“Learning to Lament”

weeping-angel(This also appeared in the Faith column of the Sentinel-News in Shelbyville, KY on October 14, 2016)

Answer me when I call to you,
my righteous God.
Give me relief from my distress;
have mercy on me and hear my prayer.

How long will you people turn my glory into shame?
How long will you love delusions and seek false gods?
Know that the LORD has set apart his faithful servant for himself;
the LORD hears when I call to him.


Tremble and do not sin;
when you are on your beds,
search your hearts and be silent.
Offer the sacrifices of the righteous
and trust in the LORD.


Many, LORD, are asking, “Who will bring us prosperity?”
Let the light of your face shine on us.
Fill my heart with joy
when their grain and new wine abound.

In peace I will lie down and sleep,
for you alone, LORD,
make me dwell in safety.
(Psalm 4, NIV).

There is a spiritual practice that is demonstrated throughout the Bible that goes almost completely unused. This practice is called “lament.”

To lament is to cry out to God. It is to express emotion. It is to complain, to rage, to accuse, to ask, to demand answers. It is to be human. Lament is how we direct our dissatisfaction, our heartbreak, our anger towards God. There is an entire book of the Bible called Lamentations. Most of the book called Psalms in the Bible is lament. Often, the prophets are lamenting. And yes, even Jesus laments.

But despite the fact that lamentation is one of the most pervasive spiritual practices in the Bible, we do not do it often or well, particularly in our culture. People tell me that they feel afraid or ashamed to express “negative” emotions towards God. Who am I to question God? Who am I to tell God I am angry or sad? People think that it is a sign of weak faith to be angry or sad at or to question God. I would argue the exact opposite. Furthermore, we live in a culture that has formidable obstacles to lament. Among them are avoidance and denial. When we feel an uncomfortable emotion, we are encouraged to make lemons out of lemonade, to look on the bright side, to be grateful that things aren’t worse, to run as fast as we can from things that make us sad. Oftentimes when I visit terminally ill people in the hospital, the denial and avoidance of impending death is heartbreaking because it causes so much more pain than acceptance of death. And even when the patient has come to grips with her or his mortality, many loving family members claw at anything they can in order to deny or avoid the truth. Of course, while it is always good to have hope, it is never good to deny reality. I have had people who are dying tell me how alone they feel because no one is willing to talk with them about the fact that they are dying.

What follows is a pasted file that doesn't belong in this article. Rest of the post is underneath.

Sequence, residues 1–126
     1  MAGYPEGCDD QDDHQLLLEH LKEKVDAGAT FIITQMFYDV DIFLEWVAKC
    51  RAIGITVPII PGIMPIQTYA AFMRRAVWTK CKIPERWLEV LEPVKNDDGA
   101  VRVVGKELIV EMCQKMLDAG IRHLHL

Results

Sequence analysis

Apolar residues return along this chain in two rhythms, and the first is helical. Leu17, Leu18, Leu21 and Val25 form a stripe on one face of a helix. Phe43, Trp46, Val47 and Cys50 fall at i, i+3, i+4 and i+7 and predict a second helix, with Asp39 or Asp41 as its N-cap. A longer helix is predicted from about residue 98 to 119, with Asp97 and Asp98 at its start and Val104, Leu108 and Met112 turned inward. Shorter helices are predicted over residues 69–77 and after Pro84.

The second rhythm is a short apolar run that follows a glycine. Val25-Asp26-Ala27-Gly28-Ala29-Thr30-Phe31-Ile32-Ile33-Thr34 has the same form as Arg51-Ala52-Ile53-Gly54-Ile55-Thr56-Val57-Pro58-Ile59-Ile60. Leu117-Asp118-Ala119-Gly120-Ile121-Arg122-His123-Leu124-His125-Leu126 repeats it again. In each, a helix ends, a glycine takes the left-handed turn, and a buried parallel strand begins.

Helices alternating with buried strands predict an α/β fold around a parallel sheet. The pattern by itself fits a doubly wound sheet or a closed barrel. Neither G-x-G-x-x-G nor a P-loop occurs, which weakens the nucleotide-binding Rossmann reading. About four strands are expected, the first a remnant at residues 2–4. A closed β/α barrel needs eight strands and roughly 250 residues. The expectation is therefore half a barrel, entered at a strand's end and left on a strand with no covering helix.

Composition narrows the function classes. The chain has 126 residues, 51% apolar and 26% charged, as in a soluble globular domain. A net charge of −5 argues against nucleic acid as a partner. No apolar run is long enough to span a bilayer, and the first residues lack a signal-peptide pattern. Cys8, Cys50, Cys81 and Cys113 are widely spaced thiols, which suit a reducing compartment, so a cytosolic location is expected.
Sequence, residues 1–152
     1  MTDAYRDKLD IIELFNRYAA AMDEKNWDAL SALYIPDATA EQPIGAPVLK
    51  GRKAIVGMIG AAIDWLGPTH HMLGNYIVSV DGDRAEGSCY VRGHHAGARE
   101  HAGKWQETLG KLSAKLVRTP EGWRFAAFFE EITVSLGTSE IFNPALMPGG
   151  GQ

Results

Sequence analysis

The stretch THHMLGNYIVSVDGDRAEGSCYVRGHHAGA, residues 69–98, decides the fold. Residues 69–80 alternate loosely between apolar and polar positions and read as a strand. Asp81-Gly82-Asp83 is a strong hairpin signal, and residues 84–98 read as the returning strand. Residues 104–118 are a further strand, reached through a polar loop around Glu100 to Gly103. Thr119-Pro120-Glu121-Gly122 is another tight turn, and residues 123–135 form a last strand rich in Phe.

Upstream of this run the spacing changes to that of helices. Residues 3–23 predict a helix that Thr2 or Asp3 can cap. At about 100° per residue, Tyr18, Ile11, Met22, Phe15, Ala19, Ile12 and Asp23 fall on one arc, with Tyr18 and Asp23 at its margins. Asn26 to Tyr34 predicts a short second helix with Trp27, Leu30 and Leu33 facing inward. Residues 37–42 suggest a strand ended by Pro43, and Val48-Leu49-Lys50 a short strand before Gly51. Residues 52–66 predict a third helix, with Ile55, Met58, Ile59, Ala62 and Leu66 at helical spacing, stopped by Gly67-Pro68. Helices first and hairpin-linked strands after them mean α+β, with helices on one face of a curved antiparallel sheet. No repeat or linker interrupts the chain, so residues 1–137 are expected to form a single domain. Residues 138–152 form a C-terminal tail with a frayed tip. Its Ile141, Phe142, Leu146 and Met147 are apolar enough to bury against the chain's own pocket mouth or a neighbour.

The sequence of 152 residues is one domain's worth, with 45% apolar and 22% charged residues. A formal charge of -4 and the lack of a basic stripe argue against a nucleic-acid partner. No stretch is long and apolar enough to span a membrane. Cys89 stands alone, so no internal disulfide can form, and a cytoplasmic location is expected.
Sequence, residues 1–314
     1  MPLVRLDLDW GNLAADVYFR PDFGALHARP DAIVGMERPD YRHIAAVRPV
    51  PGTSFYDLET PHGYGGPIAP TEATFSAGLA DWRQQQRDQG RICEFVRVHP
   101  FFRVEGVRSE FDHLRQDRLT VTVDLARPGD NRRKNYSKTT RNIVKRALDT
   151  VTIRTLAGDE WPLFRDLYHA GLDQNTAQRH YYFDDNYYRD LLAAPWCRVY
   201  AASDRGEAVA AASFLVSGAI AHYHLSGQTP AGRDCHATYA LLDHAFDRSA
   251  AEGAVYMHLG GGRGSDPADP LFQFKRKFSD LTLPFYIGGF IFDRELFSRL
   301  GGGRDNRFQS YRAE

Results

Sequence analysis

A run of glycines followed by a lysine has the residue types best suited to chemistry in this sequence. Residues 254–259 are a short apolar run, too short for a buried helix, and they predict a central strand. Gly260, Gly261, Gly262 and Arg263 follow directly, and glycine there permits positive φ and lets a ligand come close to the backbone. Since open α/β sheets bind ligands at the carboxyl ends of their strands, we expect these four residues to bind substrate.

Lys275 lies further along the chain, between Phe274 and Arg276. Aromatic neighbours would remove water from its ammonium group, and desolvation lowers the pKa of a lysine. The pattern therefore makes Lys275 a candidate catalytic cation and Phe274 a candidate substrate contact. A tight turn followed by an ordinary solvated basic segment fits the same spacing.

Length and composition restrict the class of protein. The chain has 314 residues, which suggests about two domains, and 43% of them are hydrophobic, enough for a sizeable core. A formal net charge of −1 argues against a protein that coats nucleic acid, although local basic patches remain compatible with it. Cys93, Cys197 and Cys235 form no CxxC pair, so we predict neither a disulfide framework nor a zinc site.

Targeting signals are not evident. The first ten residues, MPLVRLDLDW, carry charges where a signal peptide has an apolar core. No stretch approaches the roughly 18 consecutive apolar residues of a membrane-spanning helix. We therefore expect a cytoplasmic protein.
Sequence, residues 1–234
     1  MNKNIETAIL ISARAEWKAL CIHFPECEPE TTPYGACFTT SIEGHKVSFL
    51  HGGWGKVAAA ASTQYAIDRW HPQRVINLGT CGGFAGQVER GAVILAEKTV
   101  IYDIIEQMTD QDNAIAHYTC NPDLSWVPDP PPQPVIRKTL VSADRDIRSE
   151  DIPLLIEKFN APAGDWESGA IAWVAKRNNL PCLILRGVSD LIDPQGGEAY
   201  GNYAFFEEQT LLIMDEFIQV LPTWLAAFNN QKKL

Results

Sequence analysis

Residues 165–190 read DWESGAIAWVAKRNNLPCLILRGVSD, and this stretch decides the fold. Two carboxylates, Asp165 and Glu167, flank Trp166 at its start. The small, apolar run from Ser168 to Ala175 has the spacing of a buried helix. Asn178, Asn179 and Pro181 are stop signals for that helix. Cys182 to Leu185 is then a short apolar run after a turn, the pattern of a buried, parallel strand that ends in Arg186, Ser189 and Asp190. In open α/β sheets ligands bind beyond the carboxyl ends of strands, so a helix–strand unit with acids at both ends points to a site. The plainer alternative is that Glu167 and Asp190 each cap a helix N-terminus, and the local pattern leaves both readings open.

And besides, we need to lament. This world is lamentable! How long, O God, will the people of this nation be divided along the lines of race, ethnicity and politics? How long, O God, will children die of hunger and thirst, of violence and war in a world that has the power but not the courage to defeat these evils? How long, O God, must we pretend that everything is okay when we are struggling with depression, disease and addiction?

Here’s how I’ve heard lamentation described, which I think gives us all the reason we need to use this spiritual practice: Lament is naming what is wrong or out of place in our lives, so that space can be made for God to provide a remedy. This is why I love to see people protest in our society, and why I cringe to see other people try to shut them down when they disagree. Disagreement is invited and welcome, but do not shut down the lament of your sisters and brothers. Do not deny them that right and that human dignity. God invites and honors our lament and disapproves of our pretentious, judgmental, self-righteousness that cares nothing for those that suffer. Just read the Bible and you will see how God responds faithfully to our needs when we name them. And please remember that we never ever need to feel like we have to protect God from our emotions. It’s okay to be mad at God. God does not require and does not desire us to get ourselves straightened out and under control before we approach God. God honors our tears and our snot and our angry exasperation on our knees when we are broken down and desperate.

Laments in the scriptures almost always end the same way. After expressing our strong emotions and displeasure towards God, we are opened up to experience something else. Once the strong emotions are out of the way, we are able to remember the faithfulness of God. We can remember the times and the places where God showed up, and we can be certain that that God will continue to be faithful. But the path to the sunlit meadow of that assurance goes through the discomfort of the valley of lament. And so I earnestly pray that you have the courage to lament. God will find you there.

In peace I will lie down and sleep,
for you alone, LORD,
make me dwell in safety
(v. 8)

Shalom,

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